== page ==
With tinnitus, it’s normal to have good and bad days but why? Tinnitus is the medical name for ringing in the ears, a condition that more than 45 million Americans experience, according to the American Tinnitus Association, and that’s accompanied by hearing loss by around 90 percent of them.
But what is hard to understand is why it’s virtually non-existent on some days and on others the ringing is so intrusive. It’s not entirely clear why this occurs, but some ordinary triggers may explain it.
What Is Tinnitus?
Tinnitus describes a condition where the patient hears phantom noises such as:
One of the things that makes tinnitus so disturbing is that you hear it but no one else can. Also, the pitch and volume can vary. One day it might be a roar and the next day be gone completely.
What is The Cause of Tinnitus?
Changes in a person’s hearing are the most prevalent cause. These changes may be due to:
- Earwax build up
- Noise trauma
- Ear bone changes
A few other possible causes include:
- A problem with the carotid artery or jugular vein
- High blood pressure
- Meniere’s disease
- Head trauma
- TMJ issues
- Acoustic neuroma
- Tumor in the neck or head
For a certain fraction of people, there isn’t any apparent explanation for them to have tinnitus.
If your tinnitus has just started, consult your doctor and find out what is going on with your ears. The issue could be a symptom of a life threatening condition like heart disease or it could be something treatable. It may also be a side effect of a new medication.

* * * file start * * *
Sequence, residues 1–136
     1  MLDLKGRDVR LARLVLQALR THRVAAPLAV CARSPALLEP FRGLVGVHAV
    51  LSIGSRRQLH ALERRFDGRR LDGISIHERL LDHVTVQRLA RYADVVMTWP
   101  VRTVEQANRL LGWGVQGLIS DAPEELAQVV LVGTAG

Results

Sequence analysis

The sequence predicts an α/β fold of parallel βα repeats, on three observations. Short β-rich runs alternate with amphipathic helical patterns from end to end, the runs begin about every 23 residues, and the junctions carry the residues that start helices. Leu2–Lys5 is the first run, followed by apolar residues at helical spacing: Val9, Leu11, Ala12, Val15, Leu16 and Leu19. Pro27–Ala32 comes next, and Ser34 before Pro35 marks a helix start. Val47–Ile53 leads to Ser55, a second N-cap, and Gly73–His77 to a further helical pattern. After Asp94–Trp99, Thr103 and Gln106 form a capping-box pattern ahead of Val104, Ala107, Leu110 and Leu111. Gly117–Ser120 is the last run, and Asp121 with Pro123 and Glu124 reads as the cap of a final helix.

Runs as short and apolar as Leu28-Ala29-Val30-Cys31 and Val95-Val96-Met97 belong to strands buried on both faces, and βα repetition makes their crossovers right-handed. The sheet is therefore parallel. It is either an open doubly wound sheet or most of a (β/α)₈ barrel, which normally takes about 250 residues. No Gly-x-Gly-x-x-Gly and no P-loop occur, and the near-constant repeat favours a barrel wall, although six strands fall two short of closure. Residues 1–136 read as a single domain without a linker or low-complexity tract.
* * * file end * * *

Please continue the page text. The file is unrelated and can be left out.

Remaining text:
Why Does the Ringing Get Worse on Some Days?
It’s a bit of a medical mystery as to why some days are worse than others for those with tinnitus. And there might be many reasons depending on the person. However, there might be some common triggers.
Loud events like concerts, club music, and fireworks are enough to irritate your tinnitus. The number one option is to use hearing protection if you expect a lot of noise. They make earplugs, for instance, that will allow you to enjoy music at a live performance but reduce the impact it has on your hearing.
Another thing you can do is to put some distance between you and the source of the loud sound. For instance, don’t stand next to the speakers when attending a live performance or up front at a fireworks display. With this and ear protection, the impact to your hearing will be reduced.
Loud Noises at Home
Loud noises around your home can also be a problem. For instance, mowing the lawn is enough to trigger tinnitus. Consider other things you do at home that could be an issue:
- Woodworking – Power tools are loud enough to be an issue.
- Wearing headphones – The purpose of headphones is to increase the volume of your audio which could be aggravating your tinnitus so it could be time to lose those earbuds.
- Laundry – For instance, if you fold clothes while the washer is running.
If there are things you can’t or don’t want to avoid like woodworking, wear hearing protection.
Noises at Work
Loud noises on the job have the same effect as a concert or the lawnmower. If you work near machinery or in construction it’s especially important to wear hearing protection. Talk to your employer about your hearing health; they will probably supply the hearing protection you need. Let your ears rest during your off time.
Air Pressure Changes
Most people have experienced ear popping when they fly. The change in air pressure plus the noise from the plane engines can trigger an increase in tinnitus. If you are traveling, take some gum with you to help neutralize the air pressure and think about ear protection.
Changes in air pressure occur everywhere not just on a plane. Taking the right medication to alleviate sinus pressure is also helpful.
Speaking of medication, that could also be the problem. Certain medications are ototoxic, meaning they affect the ears. Included on this list are these common medications:
- Over-the-counter pain relievers
If you’re experiencing a worsening of your tinnitus after you start taking a new medication, seek advice from your doctor. It might be possible to change to something else.
Tinnitus is an aggravation for some people, but for others, it can be disabling. The first step is to find out why you have it and then look at ways to keep it under control from day to day.